When I wrote in my weekly newsletter about the end of the False Memory Syndrome Foundation, a reader replied, sharing how deep the campaign against survivors and their recovered memories runs for her:
I remember when things first started to emerge for me, my first line of denial was, “Well, I know that false memory is vastly more common than true recovered memory, so it’s much more logical that...” and when my therapist very gently asked, “Where do you know that from?”, I couldn’t answer. I’m a feminist who has a PhD in psychiatric genetics, but I didn’t even twig that there was a source to scrutinise. That’s how much power there was. That’s how much some people wanted survivors’ voices to be silenced.
I asked Dr. Freyd what advice she’d give to survivors like myself who’ve been invalidated by people in our lives claiming we have false memory syndrome, and I found her message so clarifying and helpful that I want to share it with you here in its entirety:
Sometimes in life we have to live with some uncertainty. If you remember something and there’s no potential for physical evidence, and the other person there is denying it, then there is naturally going to be a certain amount of uncertainty because we are very social creatures and if our reality is being denied, then we wonder. And that’s healthy, it’s like a reality check.
But you have to also question if there is a big motivation the person might have to deny something that really did happen. Maybe they are denying it not because it didn’t happen, but because they don’t want to be held accountable or they don’t want to believe it. Learning to live with a level of uncertainty and being compassionate towards yourself about the situation is an important part of dealing with this.
Equally important is for you to pay attention to what you can know. You may not be able to know some things with full certainty, but you can know how the person is behaving right now. You can know if they are supporting you or attacking you. Are they being honest and fair with you in this moment?
You can know how you feel being around that person. You may not be able to prove it to anyone else, but you know how you feel. It’s much easier to know how you feel than the absolute accuracy of your memory because feeling is in the moment. Focus on what you can know and see what it tells you. Is this the behavior of a loving parent that they are treating you this way right now? You may not know exactly everything that happened in the past but you can know what’s happening right now.
Hearing these words from Dr. Freyd felt immensely healing and validating for me. Here I had an expert who has been studying childhood sexual abuse, memory and trauma for decades saying that it’s okay for us to live with a level of uncertainty. Accepting that doubt is a part of our lives is not an invalidation of our survivorship; it’s a natural response to what we’ve been through.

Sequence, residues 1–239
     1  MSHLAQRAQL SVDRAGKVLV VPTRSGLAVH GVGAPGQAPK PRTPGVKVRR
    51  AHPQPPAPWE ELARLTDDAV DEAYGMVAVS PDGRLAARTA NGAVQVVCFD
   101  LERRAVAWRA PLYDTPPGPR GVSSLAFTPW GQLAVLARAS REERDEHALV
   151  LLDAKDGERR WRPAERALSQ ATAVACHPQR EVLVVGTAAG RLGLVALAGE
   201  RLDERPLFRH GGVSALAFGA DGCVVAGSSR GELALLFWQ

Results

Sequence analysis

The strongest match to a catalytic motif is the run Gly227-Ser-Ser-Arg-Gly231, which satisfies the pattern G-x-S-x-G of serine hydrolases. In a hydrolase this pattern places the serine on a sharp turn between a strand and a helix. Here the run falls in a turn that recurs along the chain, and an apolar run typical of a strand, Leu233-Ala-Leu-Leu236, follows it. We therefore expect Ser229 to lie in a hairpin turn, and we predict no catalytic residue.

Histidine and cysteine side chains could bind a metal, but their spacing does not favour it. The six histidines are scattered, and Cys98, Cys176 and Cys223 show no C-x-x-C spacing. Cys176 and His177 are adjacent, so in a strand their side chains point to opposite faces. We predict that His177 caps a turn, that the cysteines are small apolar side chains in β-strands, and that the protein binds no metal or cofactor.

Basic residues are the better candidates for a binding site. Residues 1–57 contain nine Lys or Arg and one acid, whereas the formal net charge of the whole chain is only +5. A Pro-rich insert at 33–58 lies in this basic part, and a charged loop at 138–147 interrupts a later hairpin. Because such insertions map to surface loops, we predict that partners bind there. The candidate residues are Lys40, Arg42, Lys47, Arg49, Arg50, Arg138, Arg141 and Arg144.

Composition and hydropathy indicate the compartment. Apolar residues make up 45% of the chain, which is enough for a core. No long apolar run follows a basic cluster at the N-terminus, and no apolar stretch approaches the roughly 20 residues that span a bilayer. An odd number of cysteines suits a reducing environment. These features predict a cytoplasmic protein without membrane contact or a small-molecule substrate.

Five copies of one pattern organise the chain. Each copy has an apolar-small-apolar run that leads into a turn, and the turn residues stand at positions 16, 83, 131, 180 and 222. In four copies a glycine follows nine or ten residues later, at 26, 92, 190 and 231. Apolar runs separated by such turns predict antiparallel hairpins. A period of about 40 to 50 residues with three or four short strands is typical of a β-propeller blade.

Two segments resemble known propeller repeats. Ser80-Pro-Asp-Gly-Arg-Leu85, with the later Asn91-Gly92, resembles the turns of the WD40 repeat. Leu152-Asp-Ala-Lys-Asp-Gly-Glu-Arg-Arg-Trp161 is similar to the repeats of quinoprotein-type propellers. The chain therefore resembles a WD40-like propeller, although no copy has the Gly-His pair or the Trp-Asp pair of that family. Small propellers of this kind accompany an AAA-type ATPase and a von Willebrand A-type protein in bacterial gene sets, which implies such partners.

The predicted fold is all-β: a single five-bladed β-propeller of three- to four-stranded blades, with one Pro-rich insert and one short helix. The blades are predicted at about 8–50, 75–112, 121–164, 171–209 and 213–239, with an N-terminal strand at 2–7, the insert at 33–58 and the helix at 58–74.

I was most moved by her encouraging us to honor what we do know. We live in a world that tells us that there is a specific kind of evidence we need in order to claim our survivorship. But what about the inner safety expert that lives within each of us, who can give us real-time information about how being around the people who harmed us makes us feel? It matters that being around my father made me have nightmares, made my skin curl, made me sick to my stomach, and led to suicidal ideation. That is real-time information I can and should trust. How it feels to be around the people who harmed us is data each of us has access to and it is worthy of being honored.
Learn more about Dr. Jennifer Freyd’s work
In the upcoming months, I am going to be writing more about Dr. Freyd’s work because it is incredibly relevant to what we talk about here at Healing Honestly, including an upcoming article on her research that indicates that there is a relationship between amnesia and the level of betrayal a survivor experienced when harmed. Also, you all know how reluctant I am to amplify the voices of researchers because, historically, I hate the way they talk about survivors. But it feels super different when the researchers are also survivors; the work is way more trauma-informed and helpful to the everyday lives of survivors.
Among her many initiatives, Dr. Freyd is also establishing a Center for Institutional Courage, a nonprofit that will lead research and projects aimed at improving institutional accountability and transparency when it comes to the way they treat survivors of sexual misconduct. The board has some badass people on it, including Dr. Christine Blasey Ford and Ashley Judd. Very very cool.